Updated: Sep 11
“Leadership is Influence. Nothing more, nothing less.”
-John C. Maxwell.
Failure to communicate and to do so effectively costs leaders trust, credibility, and relationship with those they seek to influence in order to succeed. It also costs their organizations the direction and drive they need to deliver results.
While it is important for stakeholder to hear from their leaders on an ongoing basis, below I share five instances when it is absolutely critical for leaders to communicate.
As a leader, it is critical to introduce yourself, your vision, agenda, implementation plan, and expectations at the very beginning of your leadership journey.
When the leader first takes their position, a new recruit joins the team, the beginning of the year, project, or transition, are some of the critical moments when leaders need to communicate to set the tone for what is to come.
Once that train leaves the station, and people are implementing whatever half-baked plan a leader has or has not shared, it becomes difficult to turn around to try to fill in the gaps.
As a leader, make time to think through what it is you seek to achieve and create the space to effectively communicate it to the people that will support you to achieve it.
“Great leaders must have two things: a vision of the world that does not yet exist and the ability to communicate that vision clearly.”
It is the leaders' role to communicate values, behaviors, and standards in word and deed.
Where conflict arises between set expectations and on-the-ground implementation, it is the leader's responsibility to call out the discrepancy and re-align people and processes toward conflict resolution.
This applies both when the leader says or does something that sends a conflicting message, and when individual behaviors conflict with set standards. The leader must call out the perpetrators and or misdirection, send the message that this is not the direction to go, as well as cite and enforce the consequences for repeated breaches.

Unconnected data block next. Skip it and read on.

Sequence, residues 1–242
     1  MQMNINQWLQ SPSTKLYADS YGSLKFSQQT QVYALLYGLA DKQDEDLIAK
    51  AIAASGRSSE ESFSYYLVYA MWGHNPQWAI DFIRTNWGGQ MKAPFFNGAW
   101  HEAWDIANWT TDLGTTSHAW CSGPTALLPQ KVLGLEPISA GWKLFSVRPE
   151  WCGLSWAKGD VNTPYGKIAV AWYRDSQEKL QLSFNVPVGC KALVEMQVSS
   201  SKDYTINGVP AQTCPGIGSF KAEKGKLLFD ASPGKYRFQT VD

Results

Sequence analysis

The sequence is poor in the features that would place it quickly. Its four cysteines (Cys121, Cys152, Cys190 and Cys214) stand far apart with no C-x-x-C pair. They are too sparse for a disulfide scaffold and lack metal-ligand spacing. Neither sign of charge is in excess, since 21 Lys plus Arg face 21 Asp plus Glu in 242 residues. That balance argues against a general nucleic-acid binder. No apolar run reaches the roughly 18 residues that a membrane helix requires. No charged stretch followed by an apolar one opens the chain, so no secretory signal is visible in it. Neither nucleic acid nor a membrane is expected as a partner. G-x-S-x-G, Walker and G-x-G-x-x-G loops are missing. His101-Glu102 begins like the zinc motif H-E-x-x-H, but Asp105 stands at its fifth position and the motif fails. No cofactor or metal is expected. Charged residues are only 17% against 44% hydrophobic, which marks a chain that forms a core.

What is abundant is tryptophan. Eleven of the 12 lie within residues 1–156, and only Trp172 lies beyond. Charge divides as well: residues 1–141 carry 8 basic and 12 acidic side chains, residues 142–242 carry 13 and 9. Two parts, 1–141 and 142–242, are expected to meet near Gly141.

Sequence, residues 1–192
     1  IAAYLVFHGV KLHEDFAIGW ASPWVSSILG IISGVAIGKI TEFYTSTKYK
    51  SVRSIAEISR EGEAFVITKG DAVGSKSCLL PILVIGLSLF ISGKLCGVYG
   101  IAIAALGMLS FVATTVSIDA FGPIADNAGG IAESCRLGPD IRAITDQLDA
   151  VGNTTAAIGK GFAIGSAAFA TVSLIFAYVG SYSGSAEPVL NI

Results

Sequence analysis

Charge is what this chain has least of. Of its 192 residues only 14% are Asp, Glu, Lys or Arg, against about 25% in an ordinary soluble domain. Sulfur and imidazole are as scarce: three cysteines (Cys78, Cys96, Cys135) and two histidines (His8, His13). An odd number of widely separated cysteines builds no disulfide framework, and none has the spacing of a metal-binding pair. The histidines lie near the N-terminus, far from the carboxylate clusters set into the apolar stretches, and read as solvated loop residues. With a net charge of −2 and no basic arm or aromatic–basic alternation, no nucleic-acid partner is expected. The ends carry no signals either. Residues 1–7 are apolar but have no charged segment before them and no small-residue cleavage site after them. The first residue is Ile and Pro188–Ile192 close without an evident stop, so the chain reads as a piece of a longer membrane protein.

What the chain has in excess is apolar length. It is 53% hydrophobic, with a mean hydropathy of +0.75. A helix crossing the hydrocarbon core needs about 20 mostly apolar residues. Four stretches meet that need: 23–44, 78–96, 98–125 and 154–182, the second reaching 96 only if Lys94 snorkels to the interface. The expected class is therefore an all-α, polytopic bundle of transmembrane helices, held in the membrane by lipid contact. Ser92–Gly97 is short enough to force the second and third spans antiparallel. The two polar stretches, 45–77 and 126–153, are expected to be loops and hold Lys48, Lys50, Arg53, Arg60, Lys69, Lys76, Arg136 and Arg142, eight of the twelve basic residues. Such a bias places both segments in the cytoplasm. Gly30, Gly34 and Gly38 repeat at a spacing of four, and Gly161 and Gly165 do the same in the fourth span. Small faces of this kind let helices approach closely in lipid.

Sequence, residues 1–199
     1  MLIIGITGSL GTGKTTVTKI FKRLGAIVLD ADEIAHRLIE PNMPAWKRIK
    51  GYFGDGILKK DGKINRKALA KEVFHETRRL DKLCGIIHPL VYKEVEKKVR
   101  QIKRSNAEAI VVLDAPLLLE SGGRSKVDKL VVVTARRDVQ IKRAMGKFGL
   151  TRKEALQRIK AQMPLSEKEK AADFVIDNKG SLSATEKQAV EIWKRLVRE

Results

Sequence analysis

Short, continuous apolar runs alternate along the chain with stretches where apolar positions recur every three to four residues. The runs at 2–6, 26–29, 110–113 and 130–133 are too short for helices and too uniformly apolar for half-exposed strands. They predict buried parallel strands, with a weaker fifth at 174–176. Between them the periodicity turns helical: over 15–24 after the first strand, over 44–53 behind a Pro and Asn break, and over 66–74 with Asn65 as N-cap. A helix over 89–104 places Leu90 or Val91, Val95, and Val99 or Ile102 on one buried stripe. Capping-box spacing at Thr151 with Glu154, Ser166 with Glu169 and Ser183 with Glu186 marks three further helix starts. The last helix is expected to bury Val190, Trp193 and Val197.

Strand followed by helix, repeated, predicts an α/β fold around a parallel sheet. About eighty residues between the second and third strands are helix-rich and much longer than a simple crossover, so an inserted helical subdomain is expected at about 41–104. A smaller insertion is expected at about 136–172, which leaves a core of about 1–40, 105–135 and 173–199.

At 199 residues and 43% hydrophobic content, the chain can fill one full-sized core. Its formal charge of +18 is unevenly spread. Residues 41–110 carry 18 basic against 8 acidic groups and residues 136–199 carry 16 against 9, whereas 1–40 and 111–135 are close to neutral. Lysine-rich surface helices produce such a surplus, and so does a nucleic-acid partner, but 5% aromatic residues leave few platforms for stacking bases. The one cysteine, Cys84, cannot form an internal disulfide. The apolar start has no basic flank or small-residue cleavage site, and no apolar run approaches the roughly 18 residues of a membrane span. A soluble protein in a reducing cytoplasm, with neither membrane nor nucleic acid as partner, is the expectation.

“It is more rewarding to resolve a conflict than to dissolve a relationship.”
As a leader, you must be vigilant to look out for the positive behaviors you want to reinforce, then take action to effectively communicate approval and reinforcement. This could look like a compliment, mention, gift, or preferential access. Give whatever monetary or non-monetary reward permitted by policy to reinforce the behavior.
You can also deter negative behaviors through effective communication and action. Only be sensitive to do so with empathy and a clear process that will redirect the negative back to the positive you do want.
“You get what you reward. Be clear about what you want to get and systematically reward it.”
4.Times of Crisis
No, you cannot bury your head in the sand, and no, you cannot delegate; times of crisis are times to show up and lead, not to ghost or coast.
Crises are opportunities for you as a leader to rise to the occasion to clarify misconceptions, assuage fears, give direction, and most important of all, stand with your troops as you steer them through the storm and land them safely on the other side.
Whatever the future holds, they would be grateful that they went through it with their leader by their side, and you will be grateful that you had the courage to stand and be counted when it mattered most by keeping in constant communication with your people.
“When written in Chinese, the word 'crisis' is composed of two characters. One represents danger and the other represents opportunity”
-John F. Kennedy.
As uncomfortable as termination is, it is something that has to be handled by you, the leader. And done so sensitively.
Set aside time to review the options available to the individual or individuals you are parting with, and make sure you personally communicate with them throughout the termination process (preferably live and in person).
This will not only ensure they leave with dignity and goodwill, but will also greatly influence the morale and loyalty of those that remain.
“Dealing with employee issues can be difficult, but not dealing with them. can be worse.”